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J Exp Mar Bio Ecol. 2000 Sep 5;252(1):129-147.

The effect of extrinsic and intrinsic factors on oxygen consumption by the southern rock lobster, Jasus edwardsii.

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School of Aquaculture, Tasmanian Aquaculture and Fisheries Institute, University of Tasmania, PO Box 1214, Launceston 7250, Tasmania, Australia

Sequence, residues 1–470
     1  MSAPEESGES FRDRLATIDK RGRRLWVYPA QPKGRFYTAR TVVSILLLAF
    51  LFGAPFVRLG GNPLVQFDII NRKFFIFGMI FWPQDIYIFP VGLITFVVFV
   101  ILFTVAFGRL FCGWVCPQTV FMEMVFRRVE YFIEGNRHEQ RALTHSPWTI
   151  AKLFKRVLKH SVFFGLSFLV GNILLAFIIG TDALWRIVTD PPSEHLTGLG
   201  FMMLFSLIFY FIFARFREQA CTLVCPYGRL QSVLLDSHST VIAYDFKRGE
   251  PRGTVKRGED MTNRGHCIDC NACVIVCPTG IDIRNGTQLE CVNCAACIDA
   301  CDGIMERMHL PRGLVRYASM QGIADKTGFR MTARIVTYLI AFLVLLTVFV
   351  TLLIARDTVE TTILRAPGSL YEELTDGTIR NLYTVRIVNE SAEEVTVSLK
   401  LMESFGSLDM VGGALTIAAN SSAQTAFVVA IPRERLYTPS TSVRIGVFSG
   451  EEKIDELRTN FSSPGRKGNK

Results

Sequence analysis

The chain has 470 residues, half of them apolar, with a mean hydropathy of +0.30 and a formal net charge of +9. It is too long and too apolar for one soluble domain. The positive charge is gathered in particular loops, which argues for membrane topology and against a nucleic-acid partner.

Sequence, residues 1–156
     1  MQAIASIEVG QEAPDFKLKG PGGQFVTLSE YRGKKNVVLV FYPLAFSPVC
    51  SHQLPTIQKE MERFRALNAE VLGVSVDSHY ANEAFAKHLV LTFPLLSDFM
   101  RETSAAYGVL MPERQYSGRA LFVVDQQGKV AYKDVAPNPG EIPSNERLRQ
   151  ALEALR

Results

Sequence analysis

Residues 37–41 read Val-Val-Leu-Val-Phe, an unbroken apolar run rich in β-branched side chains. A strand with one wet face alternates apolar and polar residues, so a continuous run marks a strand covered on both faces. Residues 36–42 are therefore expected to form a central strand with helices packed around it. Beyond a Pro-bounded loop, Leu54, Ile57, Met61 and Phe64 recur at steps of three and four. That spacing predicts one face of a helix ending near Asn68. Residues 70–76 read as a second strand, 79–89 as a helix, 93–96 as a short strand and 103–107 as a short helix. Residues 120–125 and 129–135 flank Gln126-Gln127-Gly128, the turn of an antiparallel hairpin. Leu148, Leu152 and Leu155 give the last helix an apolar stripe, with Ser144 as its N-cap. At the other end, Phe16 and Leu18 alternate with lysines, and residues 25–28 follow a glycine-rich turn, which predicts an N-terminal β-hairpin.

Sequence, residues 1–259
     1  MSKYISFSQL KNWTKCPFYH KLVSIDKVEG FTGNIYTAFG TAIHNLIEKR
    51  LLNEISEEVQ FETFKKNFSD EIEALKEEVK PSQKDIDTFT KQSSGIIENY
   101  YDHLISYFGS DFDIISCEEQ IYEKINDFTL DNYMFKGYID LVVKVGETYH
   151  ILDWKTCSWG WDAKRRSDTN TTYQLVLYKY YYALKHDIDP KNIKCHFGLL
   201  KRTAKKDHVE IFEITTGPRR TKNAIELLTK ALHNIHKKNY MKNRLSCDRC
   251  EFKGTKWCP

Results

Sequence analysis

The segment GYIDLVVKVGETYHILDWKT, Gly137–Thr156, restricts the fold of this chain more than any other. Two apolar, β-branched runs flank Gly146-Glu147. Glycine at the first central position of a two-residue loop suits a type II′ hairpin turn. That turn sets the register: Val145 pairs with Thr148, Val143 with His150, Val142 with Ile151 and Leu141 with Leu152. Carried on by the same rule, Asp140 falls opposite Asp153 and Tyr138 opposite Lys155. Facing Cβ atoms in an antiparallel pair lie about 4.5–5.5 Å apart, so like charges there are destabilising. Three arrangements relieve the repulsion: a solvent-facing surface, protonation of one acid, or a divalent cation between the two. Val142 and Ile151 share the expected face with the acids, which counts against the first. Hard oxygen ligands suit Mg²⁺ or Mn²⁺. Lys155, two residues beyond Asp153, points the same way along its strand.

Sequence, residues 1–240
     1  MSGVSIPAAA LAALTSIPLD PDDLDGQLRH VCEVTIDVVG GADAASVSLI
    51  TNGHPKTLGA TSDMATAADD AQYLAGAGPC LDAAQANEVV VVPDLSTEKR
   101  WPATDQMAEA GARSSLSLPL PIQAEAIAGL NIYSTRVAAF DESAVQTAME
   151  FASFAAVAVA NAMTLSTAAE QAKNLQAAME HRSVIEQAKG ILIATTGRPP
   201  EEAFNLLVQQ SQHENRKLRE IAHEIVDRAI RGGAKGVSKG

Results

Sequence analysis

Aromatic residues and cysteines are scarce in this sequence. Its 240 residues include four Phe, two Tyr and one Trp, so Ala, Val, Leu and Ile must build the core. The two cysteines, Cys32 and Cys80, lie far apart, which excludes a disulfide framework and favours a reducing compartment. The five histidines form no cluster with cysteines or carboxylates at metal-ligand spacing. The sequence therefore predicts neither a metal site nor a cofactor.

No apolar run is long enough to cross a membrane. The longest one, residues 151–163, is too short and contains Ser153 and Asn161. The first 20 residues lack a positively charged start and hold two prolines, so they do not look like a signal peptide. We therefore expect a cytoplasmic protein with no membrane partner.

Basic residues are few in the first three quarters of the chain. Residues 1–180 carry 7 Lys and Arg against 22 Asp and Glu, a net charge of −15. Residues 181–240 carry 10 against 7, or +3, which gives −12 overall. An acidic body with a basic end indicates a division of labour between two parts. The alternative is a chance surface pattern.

The oxygen consumption rate of the southern rock lobster, Jasus edwardsii, was evaluated in response to body weight, temperature, activity, handling, diurnal rhythm, feeding and oxygen saturation level. There was a positive relationship between standard oxygen consumption (M(O(2))) and both body weight and water temperature. The relationship between total oxygen consumption and wet whole body weight was described by the equation: LogM(O(2))=0.595log W-0.396 (r(2)=0.83). The relationship between weight-specific oxygen consumption and temperature was described by the equation: LogM(O(2))=0.047T-2.25 (r(2)=0.94). Activity had a significant influence on the oxygen consumption rate, causing a three-fold increase above the standard rate at the temperature of acclimation (13 degrees C). However, at temperatures approaching the upper and lower extremes, lobsters had a decreased ability to increase their oxygen consumption rates during activity. Lobsters took 4.5-5 h to return to standard oxygen consumption rates after a period of emersion and handling. A strong diurnal rhythm to oxygen consumption was recorded. J. edwardsii displayed a classic postprandial increase in oxygen consumption. A peak (1.72 times standard M(O(2))) occurred 10-13 h after feeding with an increase above standard M(O(2)) being maintained for 42 h. In its rested state J. edwardsii was an oxygen regulator down to a critical oxygen tension of 58 Torr, whilst activity resulted in the critical oxygen tension increasing to 93 Torr.


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